Welcome to Second-Guessing Scioscia! As you might have surmised, it is a look back at some of the questionable decisions that Mike Scioscia made in the last week. This isn’t because we dislike Scioscia, in fact, MWAH is officially pro-Scioscia. However, we do realize that Scioscia is not infallible and hope to use this series to bring light to the decisions in which Scioscia went wrong. At a minimum, it will help us all come to a better understanding of what goes on during games but maybe, just maybe, we’ll get lucky and this will somehow make Scioscia more self-aware of his more chronic managerial missteps.
4/8/14 – Sticking with Pujols in the three-hole
Albert Pujols started off the season in a miserable slump. In 31 plate appearances, he posted a .200/.226/.333. IT WAS THE END OF THE WORLD. At least according to a segment of fans who, naturally, deemed that this slump was more than they could take and that Pujols must (MUST!) be removed from the three-hole posthaste.
Scioscia didn’t do that though. Really, he shouldn’t have. What this faction of fans was falling victim to was the “hot hand” effect. In this case, it was a cold-hand, but the same premise applies. The problem with trying to ride a hot hand or get away from a cold hand is that you don’t know when their streak of hot/cold is going to end. No manager, no matter how good he is, is psychic.
Unless there is a clearly understood physical reason for Pujols going cold, like his plantar fascitis last season, you can’t just bump him down the order because he was cold at the time. Had Scioscia done that, Pujols would’ve been batting sixth in the order against Seattle. His two homers would’ve then not been as timely because Scioscia couldn’t have known they were coming.
Ah, but you say you would have moved Pujols up after the first game. Are you really that fickle? A week of badness gets you demoted, but one good game and he gets his job back? That hardly seems fair, does it. Besides, that one game could be a fluke. Maybe Pujols just got lucky. If managers were that reactionary to slumps and hot streaks, lineups would be in a constant state of flux and that isn’t good for anyone.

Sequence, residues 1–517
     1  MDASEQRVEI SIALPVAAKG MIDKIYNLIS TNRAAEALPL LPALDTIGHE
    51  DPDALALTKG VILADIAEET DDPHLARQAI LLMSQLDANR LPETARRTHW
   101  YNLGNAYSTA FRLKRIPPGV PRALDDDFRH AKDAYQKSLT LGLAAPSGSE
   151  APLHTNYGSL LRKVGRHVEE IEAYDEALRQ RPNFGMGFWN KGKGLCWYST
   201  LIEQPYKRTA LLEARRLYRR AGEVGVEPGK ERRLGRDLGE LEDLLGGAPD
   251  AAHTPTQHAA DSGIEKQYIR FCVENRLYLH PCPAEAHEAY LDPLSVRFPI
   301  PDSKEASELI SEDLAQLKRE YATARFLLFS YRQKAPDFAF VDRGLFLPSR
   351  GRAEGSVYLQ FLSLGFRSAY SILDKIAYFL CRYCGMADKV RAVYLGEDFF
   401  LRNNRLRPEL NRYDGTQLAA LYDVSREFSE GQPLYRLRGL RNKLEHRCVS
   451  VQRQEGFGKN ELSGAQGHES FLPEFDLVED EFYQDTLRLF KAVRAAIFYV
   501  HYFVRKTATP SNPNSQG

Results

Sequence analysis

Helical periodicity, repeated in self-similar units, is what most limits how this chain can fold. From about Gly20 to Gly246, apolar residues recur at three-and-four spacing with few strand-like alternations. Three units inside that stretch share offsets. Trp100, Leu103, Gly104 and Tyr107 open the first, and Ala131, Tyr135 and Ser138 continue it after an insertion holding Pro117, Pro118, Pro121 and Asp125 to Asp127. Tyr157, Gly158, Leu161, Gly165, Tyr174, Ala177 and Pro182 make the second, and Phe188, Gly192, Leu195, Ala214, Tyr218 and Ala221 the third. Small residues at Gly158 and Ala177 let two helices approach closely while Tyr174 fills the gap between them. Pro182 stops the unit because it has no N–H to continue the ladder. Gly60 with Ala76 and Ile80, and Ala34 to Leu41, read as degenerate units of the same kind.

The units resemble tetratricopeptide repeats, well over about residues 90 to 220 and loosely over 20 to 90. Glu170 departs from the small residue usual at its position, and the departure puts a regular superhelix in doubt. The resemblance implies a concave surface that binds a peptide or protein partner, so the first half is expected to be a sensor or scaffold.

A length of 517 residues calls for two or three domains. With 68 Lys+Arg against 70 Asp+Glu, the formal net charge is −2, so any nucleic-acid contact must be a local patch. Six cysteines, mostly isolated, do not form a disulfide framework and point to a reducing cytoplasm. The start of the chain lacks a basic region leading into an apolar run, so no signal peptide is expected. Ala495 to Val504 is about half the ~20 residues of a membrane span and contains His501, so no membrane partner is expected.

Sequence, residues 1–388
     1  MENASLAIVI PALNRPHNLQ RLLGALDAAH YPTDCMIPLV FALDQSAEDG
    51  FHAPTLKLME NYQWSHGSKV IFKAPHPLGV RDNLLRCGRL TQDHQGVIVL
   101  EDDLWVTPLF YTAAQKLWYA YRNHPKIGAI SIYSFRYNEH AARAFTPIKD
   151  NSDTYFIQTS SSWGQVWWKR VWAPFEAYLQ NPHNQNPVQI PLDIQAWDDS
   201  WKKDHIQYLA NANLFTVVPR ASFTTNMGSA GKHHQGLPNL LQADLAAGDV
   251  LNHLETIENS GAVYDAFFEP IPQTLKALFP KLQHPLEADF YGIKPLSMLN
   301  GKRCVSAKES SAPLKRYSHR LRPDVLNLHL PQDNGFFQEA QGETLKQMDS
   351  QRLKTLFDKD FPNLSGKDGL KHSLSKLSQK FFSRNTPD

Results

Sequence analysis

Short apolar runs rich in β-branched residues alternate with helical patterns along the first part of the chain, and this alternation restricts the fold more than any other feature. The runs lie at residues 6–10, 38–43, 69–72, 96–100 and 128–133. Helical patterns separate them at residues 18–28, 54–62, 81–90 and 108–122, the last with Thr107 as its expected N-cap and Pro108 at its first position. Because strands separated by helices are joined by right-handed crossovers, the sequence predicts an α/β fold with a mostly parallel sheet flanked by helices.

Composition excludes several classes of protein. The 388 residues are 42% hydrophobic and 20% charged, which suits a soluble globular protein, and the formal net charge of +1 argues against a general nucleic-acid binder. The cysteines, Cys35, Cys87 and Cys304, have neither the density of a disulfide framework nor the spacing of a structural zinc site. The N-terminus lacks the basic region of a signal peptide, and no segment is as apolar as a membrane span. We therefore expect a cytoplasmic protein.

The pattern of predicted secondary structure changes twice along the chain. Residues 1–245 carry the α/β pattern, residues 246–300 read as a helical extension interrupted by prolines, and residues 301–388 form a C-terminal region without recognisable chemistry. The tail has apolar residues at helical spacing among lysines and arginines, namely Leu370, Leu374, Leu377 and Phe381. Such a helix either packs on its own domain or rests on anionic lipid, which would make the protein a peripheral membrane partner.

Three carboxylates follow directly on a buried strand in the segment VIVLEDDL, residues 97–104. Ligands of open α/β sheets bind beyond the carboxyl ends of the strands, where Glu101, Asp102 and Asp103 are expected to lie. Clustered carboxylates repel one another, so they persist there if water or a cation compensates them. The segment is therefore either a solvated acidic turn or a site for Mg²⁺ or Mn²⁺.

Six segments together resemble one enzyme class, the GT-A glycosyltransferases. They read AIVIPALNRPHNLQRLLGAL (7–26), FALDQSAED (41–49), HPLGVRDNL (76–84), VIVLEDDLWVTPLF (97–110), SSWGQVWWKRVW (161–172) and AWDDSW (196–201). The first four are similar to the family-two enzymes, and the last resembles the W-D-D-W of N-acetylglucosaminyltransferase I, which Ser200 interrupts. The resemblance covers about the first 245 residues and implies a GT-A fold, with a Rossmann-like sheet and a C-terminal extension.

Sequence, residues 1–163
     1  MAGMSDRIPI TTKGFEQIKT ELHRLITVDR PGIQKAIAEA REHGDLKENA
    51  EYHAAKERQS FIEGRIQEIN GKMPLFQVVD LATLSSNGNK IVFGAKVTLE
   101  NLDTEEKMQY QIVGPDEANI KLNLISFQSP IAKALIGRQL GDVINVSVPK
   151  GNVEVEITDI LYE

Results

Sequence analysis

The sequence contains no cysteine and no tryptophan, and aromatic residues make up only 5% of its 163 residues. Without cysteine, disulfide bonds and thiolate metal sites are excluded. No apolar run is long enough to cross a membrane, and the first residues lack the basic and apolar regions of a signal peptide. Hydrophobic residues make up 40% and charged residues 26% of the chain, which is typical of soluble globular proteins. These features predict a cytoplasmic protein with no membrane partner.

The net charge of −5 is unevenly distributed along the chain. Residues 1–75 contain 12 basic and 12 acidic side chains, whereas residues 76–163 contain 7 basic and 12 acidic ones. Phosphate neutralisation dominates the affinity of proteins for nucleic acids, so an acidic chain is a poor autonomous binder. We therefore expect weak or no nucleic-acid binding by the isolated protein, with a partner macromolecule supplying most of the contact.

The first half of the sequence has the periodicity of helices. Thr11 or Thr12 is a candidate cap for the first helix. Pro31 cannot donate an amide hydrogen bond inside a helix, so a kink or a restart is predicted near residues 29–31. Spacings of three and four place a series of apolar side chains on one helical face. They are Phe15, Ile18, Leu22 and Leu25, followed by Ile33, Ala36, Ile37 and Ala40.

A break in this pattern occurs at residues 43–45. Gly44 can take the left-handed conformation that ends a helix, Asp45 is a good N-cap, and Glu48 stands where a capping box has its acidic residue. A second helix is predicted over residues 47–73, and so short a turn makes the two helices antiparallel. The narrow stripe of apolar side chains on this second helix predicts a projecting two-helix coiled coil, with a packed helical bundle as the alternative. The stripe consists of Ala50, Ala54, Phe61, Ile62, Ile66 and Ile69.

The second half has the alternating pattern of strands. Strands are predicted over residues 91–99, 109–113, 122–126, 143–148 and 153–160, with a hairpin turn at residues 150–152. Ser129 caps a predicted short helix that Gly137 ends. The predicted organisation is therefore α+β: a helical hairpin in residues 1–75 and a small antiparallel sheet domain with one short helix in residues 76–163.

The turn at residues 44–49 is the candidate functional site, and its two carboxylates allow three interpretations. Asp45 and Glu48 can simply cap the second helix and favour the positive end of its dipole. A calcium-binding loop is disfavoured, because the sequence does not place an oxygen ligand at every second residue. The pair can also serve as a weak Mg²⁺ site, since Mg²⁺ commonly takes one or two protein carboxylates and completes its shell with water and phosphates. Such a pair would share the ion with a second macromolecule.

See, sometimes I second-guess Scioscia in a positive way. I can be nice, too.
4/5/14 & 4/9/14 – Cowgill leading off
I can also not be nice. Why the f@#! is Collin Cowgill leading off ever?
When you look for a leadoff hitter, you typically want someone with a high OBP, probably not too much power and good speed. Mostly though it is the high OBP. How does that job description apply to Cowgill?
Cowgill can do some good things, but none of those things are hitting. He has 386 MLB plate appearances and a .236/.287/.329 slash line to show for it. He does have a few years of putting up good numbers in the absurd run environment of the PCL, but that isn’t much to hand his hat on. Even if you just consider Cowgill as an option at leadoff against lefties, the metrics don’t indicate that he has a particular edge there. In the minors, his OPS versus lefties was .840 but was .878 against righties. Where is the platoon advantage?
In his defense, Cowgill has a posted a .351 OBP against lefties in the majors versus .246 against righties, but there is a pretty big small sample size warning there. Let’s just say that, at a minimum, Cowgill being capable of serving as an even average platoon leadoff guy is still open for debate.
I’d consider this tolerable if it was just a circumstantial thing with Scioscia trying to field a lineup in the wake of Hamilton’s injury, but Cowgill actually hit leadoff on the 5th when the team was healthy and facing the Astros. Sadly, I think we are going to be stuck seeing a lot more of this lineup arrangement now that Hamilton is out.